|Large artery atherosclerosis||125 (17.3)||89 (21.1)||36 (11.9)||0.001*|
|Cardioembolism||215 (29.7)||118 (28.0)||97 (32.1)||0.235|
|Small vessel disease||109 (15.1)||67 (15.9)||42 (13.9)||0.457|
|Undetermined||272 (37.6)||145 (34.4)||127 (42.1)||0.037|
|Unhabitual||4 (0.6)||4 (1.0)||0 (0)||0.144|
|Positive DWI, n (%)||244 (39.7)||150 (41.1)||94 (37.8)||0.406|
|Pattern of DWI lesion, n (%)|
|Scattered in one vascular territory||92 (37.6)||66 (44.0)||26 (27.4)||0.009|
|Cortical lesion in one vascular territory||73 (29.8)||39 (26.0)||34 (35.8)||0.264|
|Multiple vascular territories||19 (7.8)||9 (6.0)||10 (10.5)||0.276|
|Subcortical||61 (24.9)||36 (24.0)||25 (26.3)||0.943|
|Ischemic stroke recurrence, n (%)||98 (13.6)||60 (14.3)||38 (12.6)||0.518|
|TIA recurrence, n (%)||73 (10.1)||37 (8.8)||36 (12.0)||0.163|
|Acute coronary syndrome, n (%)||39 (5.4)||29 (6.9)||10 (3.3)||0.036|
|Peripheral artery disease, n (%)||17 (2.4)||14 (3.3)||3 (1.0)||0.041|
|Death, n (%)||233 (32.2)||137 (32.5)||96 (31.8)||0.831|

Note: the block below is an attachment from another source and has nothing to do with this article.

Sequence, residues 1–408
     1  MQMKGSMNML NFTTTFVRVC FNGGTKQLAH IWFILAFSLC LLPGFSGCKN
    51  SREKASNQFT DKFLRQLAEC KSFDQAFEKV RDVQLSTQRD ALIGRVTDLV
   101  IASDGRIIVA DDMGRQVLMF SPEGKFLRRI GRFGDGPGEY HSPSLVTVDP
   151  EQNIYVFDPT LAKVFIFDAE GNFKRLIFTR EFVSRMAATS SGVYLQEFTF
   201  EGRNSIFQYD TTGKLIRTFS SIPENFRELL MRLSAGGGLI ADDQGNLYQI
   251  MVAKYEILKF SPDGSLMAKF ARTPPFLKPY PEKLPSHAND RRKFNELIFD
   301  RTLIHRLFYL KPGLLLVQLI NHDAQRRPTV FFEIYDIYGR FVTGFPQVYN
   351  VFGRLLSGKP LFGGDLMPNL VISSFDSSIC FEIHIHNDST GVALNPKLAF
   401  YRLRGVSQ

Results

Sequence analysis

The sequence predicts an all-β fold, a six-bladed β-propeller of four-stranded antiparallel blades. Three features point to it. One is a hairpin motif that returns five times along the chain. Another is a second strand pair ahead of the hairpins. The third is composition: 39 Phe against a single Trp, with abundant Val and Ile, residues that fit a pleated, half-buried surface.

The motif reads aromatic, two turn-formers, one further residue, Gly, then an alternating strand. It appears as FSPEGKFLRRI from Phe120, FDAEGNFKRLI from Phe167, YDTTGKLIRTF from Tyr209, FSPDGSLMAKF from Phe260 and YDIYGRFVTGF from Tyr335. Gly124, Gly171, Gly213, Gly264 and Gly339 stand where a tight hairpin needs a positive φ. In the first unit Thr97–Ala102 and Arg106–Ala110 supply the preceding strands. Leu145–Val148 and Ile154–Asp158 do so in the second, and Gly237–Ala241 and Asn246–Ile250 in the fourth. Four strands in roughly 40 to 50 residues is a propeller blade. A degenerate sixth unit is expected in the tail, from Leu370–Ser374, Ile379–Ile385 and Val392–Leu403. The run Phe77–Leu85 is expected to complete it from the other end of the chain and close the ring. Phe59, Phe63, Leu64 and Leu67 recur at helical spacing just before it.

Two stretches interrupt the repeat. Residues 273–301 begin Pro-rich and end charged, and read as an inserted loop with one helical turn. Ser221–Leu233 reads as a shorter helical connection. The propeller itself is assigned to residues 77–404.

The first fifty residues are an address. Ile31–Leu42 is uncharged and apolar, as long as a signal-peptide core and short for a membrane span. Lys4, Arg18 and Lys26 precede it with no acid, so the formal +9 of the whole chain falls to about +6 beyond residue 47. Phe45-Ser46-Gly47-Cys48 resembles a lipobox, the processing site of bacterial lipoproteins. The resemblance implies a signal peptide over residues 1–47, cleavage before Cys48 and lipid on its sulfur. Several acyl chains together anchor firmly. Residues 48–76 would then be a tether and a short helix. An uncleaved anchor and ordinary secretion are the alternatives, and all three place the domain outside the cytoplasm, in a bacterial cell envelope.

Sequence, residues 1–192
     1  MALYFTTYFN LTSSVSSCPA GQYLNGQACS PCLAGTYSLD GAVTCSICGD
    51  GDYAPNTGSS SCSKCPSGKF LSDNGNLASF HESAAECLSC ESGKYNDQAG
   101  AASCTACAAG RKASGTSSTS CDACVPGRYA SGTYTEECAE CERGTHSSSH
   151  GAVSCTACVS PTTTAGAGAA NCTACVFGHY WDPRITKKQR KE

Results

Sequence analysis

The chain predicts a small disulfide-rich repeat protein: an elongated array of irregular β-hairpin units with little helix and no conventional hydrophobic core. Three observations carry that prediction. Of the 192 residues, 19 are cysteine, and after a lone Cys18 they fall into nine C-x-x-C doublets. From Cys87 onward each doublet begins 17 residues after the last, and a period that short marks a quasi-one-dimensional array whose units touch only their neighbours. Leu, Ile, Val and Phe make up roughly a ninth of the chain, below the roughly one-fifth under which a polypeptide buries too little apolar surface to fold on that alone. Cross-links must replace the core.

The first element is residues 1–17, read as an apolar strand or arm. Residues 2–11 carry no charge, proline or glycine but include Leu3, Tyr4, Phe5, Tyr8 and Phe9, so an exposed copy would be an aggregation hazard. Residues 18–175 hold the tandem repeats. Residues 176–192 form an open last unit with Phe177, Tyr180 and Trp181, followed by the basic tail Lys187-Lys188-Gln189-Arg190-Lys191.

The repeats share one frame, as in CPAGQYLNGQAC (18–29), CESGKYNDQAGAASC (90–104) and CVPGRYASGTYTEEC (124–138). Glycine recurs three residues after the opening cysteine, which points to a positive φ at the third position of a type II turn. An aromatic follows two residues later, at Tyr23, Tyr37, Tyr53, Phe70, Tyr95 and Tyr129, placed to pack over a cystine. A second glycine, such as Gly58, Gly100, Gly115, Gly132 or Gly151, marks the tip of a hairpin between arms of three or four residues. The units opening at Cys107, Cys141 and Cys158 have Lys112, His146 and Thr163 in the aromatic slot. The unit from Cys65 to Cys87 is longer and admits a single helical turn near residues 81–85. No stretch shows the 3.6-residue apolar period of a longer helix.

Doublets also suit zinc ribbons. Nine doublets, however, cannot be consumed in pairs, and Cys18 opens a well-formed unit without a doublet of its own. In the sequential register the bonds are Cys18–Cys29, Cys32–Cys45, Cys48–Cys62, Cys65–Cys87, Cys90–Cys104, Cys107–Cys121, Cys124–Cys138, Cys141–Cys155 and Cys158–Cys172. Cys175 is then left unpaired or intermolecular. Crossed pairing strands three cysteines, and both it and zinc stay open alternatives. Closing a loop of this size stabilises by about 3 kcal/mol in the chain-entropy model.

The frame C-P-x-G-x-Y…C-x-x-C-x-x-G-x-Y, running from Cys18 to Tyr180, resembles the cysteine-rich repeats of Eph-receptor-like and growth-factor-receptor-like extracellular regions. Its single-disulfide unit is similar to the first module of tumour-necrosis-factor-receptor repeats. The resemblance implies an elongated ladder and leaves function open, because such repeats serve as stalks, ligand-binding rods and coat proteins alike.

|Vascular death, n (%)||22 (3.0)||10 (2.4)||12 (4.0)||0.273|
|Composite vascular outcome, n (%)||153 (21.2)||100 (23.8)||53 (17.5)||0.044|
Table 2 shows the multivariable logistic regression analysis. Nondefinitive TIA events were associated with women (odds ratio, 2.45 [95% CI, 1.48–4.04]; P<0.001), whereas active smoking (odds ratio, 0.24 [95% CI, 0.13–0.43]; P<0.001), LAA (odds ratio, 0.54 [95% CI, 0.35–0.83]; P=0.005), and scattered lesions in one vascular territory pattern (odds ratio, 0.22 [95% CI, 0.04–0.108]; P=0.061) were related to men.
|Model 1||Model 2|
|OR (95% CI)||P value||OR (95% CI)||P value|
|Active smoking||0.24 (0.13–0.43)||<0.001||…||…|
|Possible, not a definitive TIA event||2.45 (1.48–4.04)||<0.001||…||…|
|Large artery atherosclerosis cause||0.54 (0.35–0.83)||0.005||…||…|
|Scattered in one vascular territory||…||…||0.22 (0.04–1.08)||0.061|
Outcome Events by Sex